Tax Aspects of Selling
Remember, it’s not just what you sell a business for, but what you get to keep. Keep these tax planning tips in mind in structuring your sale.
TIP: Some states apply sales tax to the sale of tangible assets. Check with your accountant.
- Long-term capital assets—which can include property or your entire business, are taxed at a lower rate (20 percent) than items such as consulting fees, which must be taxed as ordinary income.
- Selling each of the assets your business owns separately may be beneficial since all assets—goodwill, for example—are not eligible for capital-gains treatment.
- Deferred payments may not be taxable until they are paid, so you may be able to postpone some taxes if you use an installment sale to sell your business.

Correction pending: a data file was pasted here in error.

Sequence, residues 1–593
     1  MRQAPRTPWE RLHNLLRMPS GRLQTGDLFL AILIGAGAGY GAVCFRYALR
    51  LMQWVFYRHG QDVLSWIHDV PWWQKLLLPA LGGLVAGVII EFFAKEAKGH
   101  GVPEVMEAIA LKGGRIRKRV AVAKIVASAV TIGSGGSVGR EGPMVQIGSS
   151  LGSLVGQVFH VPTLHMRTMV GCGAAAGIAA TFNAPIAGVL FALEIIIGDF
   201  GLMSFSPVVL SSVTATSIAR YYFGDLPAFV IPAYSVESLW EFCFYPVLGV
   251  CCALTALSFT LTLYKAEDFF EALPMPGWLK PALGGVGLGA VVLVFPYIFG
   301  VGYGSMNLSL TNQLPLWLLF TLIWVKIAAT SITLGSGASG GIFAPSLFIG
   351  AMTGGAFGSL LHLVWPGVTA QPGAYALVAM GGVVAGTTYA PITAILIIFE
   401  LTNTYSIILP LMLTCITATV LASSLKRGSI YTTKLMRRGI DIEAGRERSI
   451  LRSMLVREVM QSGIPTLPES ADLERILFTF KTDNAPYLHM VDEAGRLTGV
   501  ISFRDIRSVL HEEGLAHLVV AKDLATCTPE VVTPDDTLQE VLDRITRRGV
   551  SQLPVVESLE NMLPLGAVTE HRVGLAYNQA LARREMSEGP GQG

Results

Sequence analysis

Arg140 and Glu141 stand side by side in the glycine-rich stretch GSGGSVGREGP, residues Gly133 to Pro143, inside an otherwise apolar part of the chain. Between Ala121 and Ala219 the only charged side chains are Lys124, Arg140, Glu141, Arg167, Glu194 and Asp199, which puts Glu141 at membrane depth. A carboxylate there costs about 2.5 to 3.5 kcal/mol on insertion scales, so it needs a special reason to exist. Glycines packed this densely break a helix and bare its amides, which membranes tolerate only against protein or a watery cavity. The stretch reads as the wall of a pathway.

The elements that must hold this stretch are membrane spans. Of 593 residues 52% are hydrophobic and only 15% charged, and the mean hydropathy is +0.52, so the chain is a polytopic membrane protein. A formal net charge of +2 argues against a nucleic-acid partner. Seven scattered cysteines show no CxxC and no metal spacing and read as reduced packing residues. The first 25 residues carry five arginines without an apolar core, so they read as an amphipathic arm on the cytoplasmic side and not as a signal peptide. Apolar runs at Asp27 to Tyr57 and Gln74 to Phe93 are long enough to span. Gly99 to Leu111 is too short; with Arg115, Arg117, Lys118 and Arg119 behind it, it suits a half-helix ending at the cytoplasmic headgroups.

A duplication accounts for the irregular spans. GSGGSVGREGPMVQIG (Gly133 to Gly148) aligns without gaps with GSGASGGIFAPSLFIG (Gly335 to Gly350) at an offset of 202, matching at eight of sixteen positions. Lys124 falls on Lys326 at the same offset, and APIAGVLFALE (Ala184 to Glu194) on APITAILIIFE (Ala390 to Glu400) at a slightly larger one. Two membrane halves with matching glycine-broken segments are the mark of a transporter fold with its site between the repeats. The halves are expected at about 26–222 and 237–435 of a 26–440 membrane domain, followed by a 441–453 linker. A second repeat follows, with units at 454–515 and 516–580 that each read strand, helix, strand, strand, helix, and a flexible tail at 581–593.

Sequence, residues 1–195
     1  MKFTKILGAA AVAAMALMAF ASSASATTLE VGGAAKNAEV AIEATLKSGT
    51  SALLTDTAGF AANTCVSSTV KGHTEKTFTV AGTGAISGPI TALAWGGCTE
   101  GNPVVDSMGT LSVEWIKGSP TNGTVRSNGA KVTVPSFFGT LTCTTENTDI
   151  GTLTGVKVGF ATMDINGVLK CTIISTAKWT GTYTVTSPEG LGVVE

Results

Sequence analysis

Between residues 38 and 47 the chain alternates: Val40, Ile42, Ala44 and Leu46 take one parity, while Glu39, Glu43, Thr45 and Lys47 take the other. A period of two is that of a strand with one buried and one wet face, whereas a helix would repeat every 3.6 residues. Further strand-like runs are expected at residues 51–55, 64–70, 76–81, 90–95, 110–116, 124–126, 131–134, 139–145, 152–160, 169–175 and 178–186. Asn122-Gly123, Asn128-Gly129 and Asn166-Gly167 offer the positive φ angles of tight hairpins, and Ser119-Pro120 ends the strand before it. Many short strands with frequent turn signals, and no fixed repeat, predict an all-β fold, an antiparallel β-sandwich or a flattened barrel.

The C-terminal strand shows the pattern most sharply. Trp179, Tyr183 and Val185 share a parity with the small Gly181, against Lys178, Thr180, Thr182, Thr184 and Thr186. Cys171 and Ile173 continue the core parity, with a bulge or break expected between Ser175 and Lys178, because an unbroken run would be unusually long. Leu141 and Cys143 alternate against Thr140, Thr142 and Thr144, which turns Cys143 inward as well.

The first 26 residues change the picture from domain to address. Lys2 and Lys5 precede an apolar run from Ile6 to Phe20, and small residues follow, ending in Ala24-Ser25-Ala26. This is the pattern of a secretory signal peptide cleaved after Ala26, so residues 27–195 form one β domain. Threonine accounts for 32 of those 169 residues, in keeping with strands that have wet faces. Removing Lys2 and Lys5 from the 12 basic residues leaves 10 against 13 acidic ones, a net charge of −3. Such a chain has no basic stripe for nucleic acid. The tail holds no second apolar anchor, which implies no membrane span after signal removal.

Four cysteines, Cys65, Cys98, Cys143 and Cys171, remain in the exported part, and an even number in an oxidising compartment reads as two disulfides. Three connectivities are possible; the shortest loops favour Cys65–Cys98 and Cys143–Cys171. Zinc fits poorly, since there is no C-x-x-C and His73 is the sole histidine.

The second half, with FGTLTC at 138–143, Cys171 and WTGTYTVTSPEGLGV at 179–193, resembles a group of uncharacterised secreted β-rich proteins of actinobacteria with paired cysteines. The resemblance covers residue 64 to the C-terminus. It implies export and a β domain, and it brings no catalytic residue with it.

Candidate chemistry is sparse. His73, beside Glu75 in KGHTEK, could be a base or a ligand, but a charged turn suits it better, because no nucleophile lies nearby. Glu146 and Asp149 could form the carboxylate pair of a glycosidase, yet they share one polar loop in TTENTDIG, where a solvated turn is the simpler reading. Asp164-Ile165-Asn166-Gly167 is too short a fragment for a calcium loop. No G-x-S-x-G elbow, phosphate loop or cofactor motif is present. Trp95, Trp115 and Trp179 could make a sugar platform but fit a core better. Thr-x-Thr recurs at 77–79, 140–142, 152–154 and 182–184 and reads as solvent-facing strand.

- Mergers, as opposed to sales where you leave the company, can sometimes be structured as tax-free exchanges. Of course, if you leave the new company later and sell the shares or interests you received, you will probably owe taxes at that point.
Adapted from “Business Owner’s Toolkit,” BizFilings.com, 2001.
"The decisions you made when you set up your business will directly affect the strategies you use when it's time to sell," says CPA Mark Davis, president of Davis & Company in Chicago.
Sellers of C corporations are better off selling stock in the company rather than the company’s assets when they want to retire. A stock sale is considered a personal transaction subject to a 20 percent personal capital gains tax, whereas the sale of assets would be attributed to the corporation and would be taxed at the corporate rate, which is often higher. The seller would then have to pay a personal capital gains tax on the balance realized. If your company is a C corporation, you can minimize the effects of double taxation by taking some of the proceeds of the sale of the business as a personal benefit in the form of a bonus, a non-compete agreement, or a deferred compensation package.
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